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Court Notes Hardship but Has Worries in Worker's Bias Case

April 18, 2006|From the Associated Press

WASHINGTON — Several Supreme Court justices expressed sympathy Monday for a railroad yard worker who was transferred to a harder job and then suspended without pay during the Christmas season after she accused her supervisor of sexually harassing her.

Justice Antonin Scalia joined Justice Ruth Bader Ginsburg in recognizing the hardship that the 37-day suspension caused Sheila White as the Memphis, Tenn., forklift operator worried about how she would feed her children or buy holiday presents for them.

But the conservative trio of Scalia, Chief Justice John G. Roberts Jr. and Justice Samuel A. Alito Jr. also voiced concern about whether Congress intended to shield workers who filed sex or race discrimination claims from any changes in their jobs.

The justices were being asked to set the legal standard for evaluating the seriousness of changes in employment made by supervisors who might be angry over a worker's discrimination complaint.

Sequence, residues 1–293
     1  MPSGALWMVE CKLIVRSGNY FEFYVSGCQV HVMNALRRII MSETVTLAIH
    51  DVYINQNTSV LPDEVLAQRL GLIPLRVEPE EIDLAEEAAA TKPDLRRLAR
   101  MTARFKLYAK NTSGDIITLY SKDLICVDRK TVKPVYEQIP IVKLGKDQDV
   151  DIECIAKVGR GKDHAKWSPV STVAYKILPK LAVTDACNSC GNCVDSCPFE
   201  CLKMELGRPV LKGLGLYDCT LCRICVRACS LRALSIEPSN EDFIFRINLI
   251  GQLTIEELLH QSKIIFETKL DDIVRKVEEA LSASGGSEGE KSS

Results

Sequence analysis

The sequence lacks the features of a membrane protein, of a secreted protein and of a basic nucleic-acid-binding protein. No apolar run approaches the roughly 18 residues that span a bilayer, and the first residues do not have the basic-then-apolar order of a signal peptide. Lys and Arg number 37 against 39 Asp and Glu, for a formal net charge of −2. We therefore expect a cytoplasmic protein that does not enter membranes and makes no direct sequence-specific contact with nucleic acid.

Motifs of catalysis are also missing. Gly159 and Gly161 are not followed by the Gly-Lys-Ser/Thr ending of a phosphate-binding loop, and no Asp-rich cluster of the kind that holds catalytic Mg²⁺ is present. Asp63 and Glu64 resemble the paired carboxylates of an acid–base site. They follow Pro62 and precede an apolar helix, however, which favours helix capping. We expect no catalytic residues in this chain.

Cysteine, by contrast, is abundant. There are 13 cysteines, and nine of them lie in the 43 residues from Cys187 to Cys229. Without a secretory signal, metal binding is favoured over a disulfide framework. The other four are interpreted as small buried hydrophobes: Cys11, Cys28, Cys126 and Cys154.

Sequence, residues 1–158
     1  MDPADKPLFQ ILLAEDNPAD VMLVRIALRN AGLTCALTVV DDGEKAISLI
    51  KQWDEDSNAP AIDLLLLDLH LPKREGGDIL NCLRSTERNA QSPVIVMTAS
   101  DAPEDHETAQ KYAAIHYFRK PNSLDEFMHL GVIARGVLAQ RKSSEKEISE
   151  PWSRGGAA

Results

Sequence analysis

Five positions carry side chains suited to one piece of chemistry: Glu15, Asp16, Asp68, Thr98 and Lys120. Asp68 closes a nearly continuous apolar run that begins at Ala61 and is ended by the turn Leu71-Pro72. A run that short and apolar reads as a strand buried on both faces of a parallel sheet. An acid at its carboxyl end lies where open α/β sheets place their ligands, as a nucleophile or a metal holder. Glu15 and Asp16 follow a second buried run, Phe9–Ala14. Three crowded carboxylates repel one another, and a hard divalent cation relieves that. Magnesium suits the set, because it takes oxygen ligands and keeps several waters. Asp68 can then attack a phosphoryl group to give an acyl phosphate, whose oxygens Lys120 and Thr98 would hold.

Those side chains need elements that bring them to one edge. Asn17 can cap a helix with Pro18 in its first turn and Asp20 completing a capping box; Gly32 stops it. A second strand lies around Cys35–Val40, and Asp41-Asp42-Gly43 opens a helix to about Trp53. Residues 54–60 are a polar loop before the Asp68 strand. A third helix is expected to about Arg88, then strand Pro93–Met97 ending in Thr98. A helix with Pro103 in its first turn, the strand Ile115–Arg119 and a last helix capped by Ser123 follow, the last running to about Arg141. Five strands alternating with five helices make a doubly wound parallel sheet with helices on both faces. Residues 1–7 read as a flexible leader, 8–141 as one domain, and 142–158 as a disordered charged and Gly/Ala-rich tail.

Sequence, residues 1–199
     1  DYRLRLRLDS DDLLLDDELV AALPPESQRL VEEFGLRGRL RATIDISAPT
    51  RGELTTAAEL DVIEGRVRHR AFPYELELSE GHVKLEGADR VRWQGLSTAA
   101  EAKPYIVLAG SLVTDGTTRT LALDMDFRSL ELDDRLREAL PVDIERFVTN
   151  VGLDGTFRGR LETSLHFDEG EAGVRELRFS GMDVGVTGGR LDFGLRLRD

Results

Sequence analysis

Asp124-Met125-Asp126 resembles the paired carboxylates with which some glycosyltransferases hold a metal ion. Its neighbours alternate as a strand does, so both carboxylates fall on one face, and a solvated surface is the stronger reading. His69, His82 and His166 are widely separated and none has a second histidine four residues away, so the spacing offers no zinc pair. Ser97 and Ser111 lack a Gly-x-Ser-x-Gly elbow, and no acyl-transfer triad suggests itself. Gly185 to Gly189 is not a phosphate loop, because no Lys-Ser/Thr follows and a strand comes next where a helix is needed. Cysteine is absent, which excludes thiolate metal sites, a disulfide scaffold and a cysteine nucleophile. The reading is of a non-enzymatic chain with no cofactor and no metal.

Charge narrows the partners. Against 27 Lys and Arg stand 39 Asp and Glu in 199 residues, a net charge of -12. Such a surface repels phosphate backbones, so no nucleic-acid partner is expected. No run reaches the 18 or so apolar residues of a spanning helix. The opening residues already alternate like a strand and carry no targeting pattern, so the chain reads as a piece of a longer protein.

In his questioning, Scalia appeared to be trying to find a way to rule in White's favor, while protecting employers from what already is an explosion in the number of retaliation complaints filed by workers.

Lawyer Carter Phillips, who represents the Burlington Northern Santa Fe Railway, warned justices that a decision favoring workers likely would make matters worse for business.

The railroad company asked the high court to overturn a decision by the U.S. 6th Circuit Court of Appeals, which found that suspending White for 37 days without pay and transferring her to a more physically demanding job were "materially adverse" changes in her employment.

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